Being empathetic is about understanding how another person is feeling, even if they’re in a situation that you haven’t experienced yourself. While this is mostly a positive trait, it can lead to empathetic people feeling overwhelmed by the feelings and problems of their friends and family.
Scroll down to take our quick personality quiz below to find out how empathetic you are and find out more about the science of empathy.
Why empathy means you can ‘catch a yawn’
If you see someone else yawning, it can be quite hard to stop yourself yawning too. Scientists believe that copycat yawning stems from our natural empathy and ability to sense the feelings of others.
On the other hand, a lack of yawning can be a sign of schizophrenia or autism.
Are we born with empathy?
A study into empathy at Cambridge University – the largest of its kind ever conducted – found that most of us are not born with empathy. It’s very much down to how we’re raised. Only 10% of our empathy and compassion can be put down to our genes.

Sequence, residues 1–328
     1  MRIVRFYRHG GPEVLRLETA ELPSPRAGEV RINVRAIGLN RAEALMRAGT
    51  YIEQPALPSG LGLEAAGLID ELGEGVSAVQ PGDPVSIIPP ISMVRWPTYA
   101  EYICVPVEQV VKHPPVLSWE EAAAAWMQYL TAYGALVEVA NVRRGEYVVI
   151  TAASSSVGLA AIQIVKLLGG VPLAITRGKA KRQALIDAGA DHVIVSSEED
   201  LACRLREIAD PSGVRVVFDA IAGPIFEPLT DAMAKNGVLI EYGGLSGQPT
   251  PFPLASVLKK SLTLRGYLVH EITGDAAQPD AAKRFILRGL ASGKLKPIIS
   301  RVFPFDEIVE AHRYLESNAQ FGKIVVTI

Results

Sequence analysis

The study showed that women are more empathetic men, but this wasn’t due to any genetic differences.
Why is empathy important?
Empathy allows us to relate to and understand the feelings of others – which is a great social skill. It allows us to build strong connections with those around us and look after those in need.
Empathy is a pro-social skill – a skill which benefits other people. Psychologists have theorised that looking after others has an evolutionary benefit – if we help others, it’s more likely that they will come to our aid when we need it, ensuring our survival.
If you’re an empathetic person, you might find that you’re drawn to certain career paths and that you excel in caring roles. Empaths are well-suited to professions such as psychiatry, nursing, coaching or volunteering.
Take our empathy personality test
Photo by Eye for Ebony and Priscilla Du Preez on Unsplash.